You don’t get much more eminent than Joni Mitchell in terms of status as a songwriter. Whether it be her early period as a countercultural heroine or throughout the 1970s, where she really shone as one of the most profound figures in music, there’s so much to delve into.
Today, she continues to inspire countless budding songwriters, a testament to her skill as a songwriter. Mitchell’s work has a universal feel to it, and regardless of what chapter in her career, she’s managed to speak to people from different walks of all. Her talent transcends genre and time.
At the ripe age of 78, Mitchell remains one of the most captivating figures in music, possessing sage wisdom that only a true musical legend can retain. She’s done it all, seen the counterculture flourish and collapse, dated icons, toured the world – it’s been a life led to the fullest. Unorthodox but always compelling, Mitchell is steadfast in her beliefs, a quality that gives her music a pulp that her contemporaries could only have dreamed of achieving.
However, she didn’t always want to be a musician. In a June 1974 interview with Maclean’s, Mitchell explained that as a young girl, it was art and dance that really captured her imagination. She also revealed that her famous uncompromising attitude is something that she possessed in her early years, as was her multi-disciplinary aptitude. In no uncertain terms, music lessons killed her interest in the discipline.
She said: “I always had star eyes, I think, always interested in glamour. I had one very creative friend whom I played with a lot and we used to put on circuses together, and he also played brilliant piano for his age when he was a young boy. I used to dance around the room and say that I was going to be a great ballerina and he was going to be a great composer, or that he was going to be a great writer and I was going to illustrate his books.”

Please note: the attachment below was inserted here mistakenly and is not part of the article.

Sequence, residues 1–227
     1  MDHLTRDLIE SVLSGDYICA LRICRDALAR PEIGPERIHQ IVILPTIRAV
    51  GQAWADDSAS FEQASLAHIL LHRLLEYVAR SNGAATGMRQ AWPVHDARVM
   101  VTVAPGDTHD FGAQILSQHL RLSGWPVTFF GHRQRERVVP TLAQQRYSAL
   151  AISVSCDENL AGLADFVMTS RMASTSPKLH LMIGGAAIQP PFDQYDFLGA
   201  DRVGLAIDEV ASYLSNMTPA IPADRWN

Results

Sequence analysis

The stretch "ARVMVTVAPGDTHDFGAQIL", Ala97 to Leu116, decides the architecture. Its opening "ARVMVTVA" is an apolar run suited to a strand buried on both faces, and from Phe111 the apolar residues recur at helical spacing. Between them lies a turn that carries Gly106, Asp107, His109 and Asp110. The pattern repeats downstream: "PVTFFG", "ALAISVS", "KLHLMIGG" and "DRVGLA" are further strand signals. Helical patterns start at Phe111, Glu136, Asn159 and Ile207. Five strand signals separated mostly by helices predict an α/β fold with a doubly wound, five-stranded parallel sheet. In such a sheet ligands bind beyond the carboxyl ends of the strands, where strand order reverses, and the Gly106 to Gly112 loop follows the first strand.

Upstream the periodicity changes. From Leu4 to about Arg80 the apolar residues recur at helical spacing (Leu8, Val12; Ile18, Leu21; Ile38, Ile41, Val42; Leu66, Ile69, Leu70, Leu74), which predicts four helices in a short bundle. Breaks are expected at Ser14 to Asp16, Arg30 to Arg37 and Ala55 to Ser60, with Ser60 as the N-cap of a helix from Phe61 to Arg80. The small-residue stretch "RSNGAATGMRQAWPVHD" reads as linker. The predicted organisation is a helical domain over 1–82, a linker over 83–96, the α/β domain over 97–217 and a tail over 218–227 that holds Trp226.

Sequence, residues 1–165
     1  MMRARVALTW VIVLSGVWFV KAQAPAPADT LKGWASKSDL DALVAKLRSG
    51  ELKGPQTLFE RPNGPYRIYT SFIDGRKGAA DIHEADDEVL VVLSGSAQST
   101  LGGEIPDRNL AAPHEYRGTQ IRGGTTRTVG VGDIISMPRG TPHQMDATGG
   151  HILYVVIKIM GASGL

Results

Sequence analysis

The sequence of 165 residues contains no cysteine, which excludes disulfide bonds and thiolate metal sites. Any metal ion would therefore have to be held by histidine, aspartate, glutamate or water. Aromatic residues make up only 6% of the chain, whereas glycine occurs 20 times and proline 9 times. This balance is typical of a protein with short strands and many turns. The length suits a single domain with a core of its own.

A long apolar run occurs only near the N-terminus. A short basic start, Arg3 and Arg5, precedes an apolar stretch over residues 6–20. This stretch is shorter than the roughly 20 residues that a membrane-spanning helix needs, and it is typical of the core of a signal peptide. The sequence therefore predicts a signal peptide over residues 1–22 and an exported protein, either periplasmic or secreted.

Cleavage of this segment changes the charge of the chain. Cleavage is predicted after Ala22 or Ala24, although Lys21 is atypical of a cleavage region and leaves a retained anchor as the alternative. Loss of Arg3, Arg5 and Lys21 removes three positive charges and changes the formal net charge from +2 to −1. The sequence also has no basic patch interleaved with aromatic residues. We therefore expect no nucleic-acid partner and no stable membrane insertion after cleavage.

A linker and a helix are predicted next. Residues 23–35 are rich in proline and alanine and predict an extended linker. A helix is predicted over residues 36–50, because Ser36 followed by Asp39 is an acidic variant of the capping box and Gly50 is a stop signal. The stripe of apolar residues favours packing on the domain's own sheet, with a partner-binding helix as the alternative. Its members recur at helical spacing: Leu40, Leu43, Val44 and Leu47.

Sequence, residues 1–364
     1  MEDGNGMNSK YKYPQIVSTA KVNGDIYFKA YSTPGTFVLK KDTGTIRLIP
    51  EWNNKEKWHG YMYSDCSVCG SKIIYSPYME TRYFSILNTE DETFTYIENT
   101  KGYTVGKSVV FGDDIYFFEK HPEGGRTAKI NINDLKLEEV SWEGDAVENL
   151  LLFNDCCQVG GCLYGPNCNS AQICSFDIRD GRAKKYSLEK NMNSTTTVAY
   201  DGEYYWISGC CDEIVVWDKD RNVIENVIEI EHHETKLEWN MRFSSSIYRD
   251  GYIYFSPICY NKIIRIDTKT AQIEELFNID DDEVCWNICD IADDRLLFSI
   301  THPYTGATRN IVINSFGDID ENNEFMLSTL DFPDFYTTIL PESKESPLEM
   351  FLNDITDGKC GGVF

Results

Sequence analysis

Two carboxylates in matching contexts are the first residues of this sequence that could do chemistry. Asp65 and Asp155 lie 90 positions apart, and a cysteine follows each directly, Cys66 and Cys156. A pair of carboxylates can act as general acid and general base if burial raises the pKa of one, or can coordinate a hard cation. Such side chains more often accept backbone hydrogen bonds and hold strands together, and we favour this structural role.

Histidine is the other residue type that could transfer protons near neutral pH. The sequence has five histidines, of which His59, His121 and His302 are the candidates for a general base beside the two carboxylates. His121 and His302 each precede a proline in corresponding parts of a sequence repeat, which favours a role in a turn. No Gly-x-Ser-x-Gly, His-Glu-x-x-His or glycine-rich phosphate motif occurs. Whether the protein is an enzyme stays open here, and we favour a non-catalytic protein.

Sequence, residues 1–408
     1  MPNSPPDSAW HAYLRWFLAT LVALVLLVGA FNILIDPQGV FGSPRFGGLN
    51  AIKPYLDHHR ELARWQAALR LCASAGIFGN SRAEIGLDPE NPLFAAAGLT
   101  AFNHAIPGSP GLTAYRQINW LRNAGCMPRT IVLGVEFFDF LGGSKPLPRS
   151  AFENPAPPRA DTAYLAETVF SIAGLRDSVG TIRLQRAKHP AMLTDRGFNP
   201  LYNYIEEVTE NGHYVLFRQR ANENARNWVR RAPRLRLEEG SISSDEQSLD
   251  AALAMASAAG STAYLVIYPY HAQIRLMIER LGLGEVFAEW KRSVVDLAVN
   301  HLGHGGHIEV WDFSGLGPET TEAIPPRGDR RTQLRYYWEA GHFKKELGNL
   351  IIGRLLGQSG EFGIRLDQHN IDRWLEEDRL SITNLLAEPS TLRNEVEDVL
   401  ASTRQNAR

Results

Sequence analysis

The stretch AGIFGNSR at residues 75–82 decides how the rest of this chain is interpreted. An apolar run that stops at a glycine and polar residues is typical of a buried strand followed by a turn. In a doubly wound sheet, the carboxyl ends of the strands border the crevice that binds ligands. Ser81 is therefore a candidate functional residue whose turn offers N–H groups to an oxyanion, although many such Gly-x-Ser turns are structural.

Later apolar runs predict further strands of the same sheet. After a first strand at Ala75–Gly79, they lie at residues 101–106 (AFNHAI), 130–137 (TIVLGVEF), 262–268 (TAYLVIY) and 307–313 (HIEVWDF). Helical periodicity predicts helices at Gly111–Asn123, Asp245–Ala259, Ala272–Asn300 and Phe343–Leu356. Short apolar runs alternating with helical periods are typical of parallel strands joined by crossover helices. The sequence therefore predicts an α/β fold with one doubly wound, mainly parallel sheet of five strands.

She explained: “My first experience with music was at this boy’s house, because he played the piano and they had old instruments like autoharps lying around. It was playing his piano that made me want to have one of my own to mess with, but then, as soon as I expressed interest, they gave me lessons and that killed it completely.”
Mitchell continued: “My childhood longing mostly was to be a painter, yet before I went to art college, my mother said to me that my stick-to-itiveness in certain things was never that great, and she said you’re going to get to art college and you’re going to get distracted, you know. Yet all I wanted to do was paint. When I got there, however, it seemed that a lot of the courses were meaningless to me and not particularly creative. And so, at the end of the year I said to my mother I’m going to Toronto to become a folk singer. And I fulfilled her prophecy. I went out and I struggled for a while.”
You can imagine the sort of child Mitchell was. Free-spirited and headstrong, I’m sure she’d tell you that not much has changed since then. This dedication to the fulfilment of the self has carried her through her long and winding career.